Global Microbiome Therapeutics Market Analysis Report 2023: A $1.46 Billion Market by 2027 Featuring Major Players - Assembly Bio, Finch Therapeutics, Second Genome, Evelo Bio, Ysopia Bio
DUBLIN, Feb. 9, 2023
DUBLIN, Feb. 9, 2023 /PRNewswire/ -- The "Microbiome Therapeutics: Global Markets" report has been added to ResearchAndMarkets.com's offering.
The global Microbiome Therapeutics market is projected to reach a value of $1,465.3 million by 2027, from $164.8 million in 2022, growing at a CAGR of 54.8%
Microbiome Therapeutics: Global Markets Report provides a comprehensive analysis of the microbiome therapeutics market in global context, including market forecasts and sales through 2027.
The microbiome has become a buzz word and attracted millions of dollars in federal grants, awards and funding from venture capitalists. Technological advancements in next-generation sequencing and data analytics clubbed with modern approaches of systems biology and genetic engineering have greatly expanded the knowledge of commensal microbial populations and interactions with human hosts.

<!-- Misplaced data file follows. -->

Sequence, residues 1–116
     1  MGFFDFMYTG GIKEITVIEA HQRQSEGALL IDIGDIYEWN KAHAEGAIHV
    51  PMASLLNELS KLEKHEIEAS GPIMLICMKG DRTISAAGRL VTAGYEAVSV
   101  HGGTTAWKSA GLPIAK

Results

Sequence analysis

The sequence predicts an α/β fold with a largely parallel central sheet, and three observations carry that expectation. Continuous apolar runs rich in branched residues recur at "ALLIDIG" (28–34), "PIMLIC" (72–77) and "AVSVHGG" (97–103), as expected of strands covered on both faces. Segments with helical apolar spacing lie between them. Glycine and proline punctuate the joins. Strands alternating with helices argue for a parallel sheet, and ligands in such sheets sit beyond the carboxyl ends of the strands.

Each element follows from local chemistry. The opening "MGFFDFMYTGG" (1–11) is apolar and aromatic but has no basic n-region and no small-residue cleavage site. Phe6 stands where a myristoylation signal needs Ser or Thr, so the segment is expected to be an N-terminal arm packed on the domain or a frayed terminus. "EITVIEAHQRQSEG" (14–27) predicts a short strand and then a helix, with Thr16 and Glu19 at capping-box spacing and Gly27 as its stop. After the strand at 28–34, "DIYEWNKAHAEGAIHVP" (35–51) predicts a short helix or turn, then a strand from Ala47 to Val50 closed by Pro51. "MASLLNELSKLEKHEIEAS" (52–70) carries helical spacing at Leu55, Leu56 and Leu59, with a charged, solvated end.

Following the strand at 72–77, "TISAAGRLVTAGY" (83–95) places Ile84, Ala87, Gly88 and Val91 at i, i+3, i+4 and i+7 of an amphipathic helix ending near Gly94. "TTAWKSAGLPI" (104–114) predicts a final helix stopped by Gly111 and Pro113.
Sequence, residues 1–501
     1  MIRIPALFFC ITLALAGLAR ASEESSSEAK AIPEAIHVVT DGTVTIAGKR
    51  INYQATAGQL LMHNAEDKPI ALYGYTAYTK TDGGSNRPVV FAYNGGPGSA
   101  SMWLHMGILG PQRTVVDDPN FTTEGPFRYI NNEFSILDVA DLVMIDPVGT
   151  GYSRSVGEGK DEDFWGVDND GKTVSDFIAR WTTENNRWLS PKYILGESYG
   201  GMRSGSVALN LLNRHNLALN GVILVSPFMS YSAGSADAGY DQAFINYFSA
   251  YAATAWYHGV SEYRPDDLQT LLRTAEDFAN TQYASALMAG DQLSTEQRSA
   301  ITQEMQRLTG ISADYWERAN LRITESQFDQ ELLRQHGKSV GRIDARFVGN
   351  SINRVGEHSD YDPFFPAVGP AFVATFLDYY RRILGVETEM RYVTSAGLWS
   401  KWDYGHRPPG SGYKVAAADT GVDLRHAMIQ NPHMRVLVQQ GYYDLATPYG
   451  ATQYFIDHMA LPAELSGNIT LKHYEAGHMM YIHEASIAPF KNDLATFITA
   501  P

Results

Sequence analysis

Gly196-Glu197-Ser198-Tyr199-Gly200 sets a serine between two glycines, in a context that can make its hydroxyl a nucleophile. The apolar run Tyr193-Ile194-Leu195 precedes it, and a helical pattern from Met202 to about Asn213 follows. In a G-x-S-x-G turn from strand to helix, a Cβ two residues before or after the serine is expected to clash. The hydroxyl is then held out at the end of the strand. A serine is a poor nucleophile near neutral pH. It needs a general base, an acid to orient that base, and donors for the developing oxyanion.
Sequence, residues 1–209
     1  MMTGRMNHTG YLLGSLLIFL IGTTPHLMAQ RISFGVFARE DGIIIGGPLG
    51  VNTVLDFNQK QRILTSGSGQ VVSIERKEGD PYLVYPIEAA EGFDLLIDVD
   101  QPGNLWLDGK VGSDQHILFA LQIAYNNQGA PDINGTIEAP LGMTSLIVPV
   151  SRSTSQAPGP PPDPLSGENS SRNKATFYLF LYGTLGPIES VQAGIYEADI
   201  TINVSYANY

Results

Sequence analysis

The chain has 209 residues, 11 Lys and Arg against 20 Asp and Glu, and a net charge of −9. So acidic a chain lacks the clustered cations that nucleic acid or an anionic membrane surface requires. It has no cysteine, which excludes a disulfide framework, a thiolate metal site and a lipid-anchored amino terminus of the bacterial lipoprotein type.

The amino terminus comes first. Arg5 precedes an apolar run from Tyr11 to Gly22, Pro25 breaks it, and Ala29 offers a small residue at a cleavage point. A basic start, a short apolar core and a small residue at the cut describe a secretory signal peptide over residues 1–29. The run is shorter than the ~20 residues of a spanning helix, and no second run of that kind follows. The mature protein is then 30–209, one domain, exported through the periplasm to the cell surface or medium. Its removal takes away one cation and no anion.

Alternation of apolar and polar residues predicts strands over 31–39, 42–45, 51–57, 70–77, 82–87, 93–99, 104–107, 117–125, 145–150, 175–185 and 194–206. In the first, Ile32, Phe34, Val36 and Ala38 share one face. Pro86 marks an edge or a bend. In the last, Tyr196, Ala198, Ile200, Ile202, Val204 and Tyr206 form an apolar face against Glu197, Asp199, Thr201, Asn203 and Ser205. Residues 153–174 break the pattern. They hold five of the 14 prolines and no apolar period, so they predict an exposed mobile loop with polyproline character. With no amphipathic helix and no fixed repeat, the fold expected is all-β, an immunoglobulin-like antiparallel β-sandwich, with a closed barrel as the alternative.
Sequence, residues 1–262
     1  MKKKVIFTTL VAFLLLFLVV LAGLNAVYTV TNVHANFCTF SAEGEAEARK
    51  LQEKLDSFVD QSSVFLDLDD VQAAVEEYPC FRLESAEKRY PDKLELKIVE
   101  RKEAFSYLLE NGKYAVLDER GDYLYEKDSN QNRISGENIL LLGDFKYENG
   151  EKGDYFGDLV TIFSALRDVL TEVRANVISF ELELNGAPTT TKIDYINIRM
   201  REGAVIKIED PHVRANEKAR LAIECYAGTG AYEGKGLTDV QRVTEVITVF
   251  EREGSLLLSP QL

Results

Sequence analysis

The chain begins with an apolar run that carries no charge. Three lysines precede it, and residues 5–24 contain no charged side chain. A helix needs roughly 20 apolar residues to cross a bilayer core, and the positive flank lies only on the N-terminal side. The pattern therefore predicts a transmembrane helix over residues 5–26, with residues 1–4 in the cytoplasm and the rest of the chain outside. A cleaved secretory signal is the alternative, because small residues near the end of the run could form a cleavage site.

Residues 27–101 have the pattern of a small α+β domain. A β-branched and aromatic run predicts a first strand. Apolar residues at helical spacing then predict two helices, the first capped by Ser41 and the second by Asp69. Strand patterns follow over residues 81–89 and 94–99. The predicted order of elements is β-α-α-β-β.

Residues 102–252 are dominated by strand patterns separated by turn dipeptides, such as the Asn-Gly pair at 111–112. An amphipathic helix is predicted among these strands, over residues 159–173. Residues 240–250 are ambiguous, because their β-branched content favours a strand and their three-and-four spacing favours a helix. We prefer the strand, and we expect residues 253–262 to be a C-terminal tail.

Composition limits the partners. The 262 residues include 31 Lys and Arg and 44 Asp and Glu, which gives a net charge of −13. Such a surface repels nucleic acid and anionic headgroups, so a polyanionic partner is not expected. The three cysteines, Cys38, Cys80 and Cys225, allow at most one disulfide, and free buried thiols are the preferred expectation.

The Human Microbiome Project (HMP), MetaHIT and other independent efforts fueling the exploration of microbiome and its association with human health have led to a research explosion in this area in the last decade. Myriad studies abound showing how the microbiome mediate many physiological processes (metabolism, nutrition, immunity, etc.).
Many clinical studies show alterations in microbial populations or microbial dysbiosis can lead to disease. Restoration of the microbiome addresses many unmet medical needs. Diseases that still do not have definitive cures or with available treatments that are either not satisfactory or are cost-prohibitive, are actively targeted by microbiome therapeutics.
There are many active players in the field of microbiome therapeutics, ranging from discovery and clinical-stage to late-stage companies that are exploiting different approaches to modulate the microbiome. Fecal microbial transplants (FMTs) have been in practice for some time and the use of live biotherapeutic products (LBPs) in the form of single strains or microbial consortia is a popular strategy with targeted mechanisms and controlled production processes. The development of small molecule drugs (postbiotics) and the use of phages are being actively explored.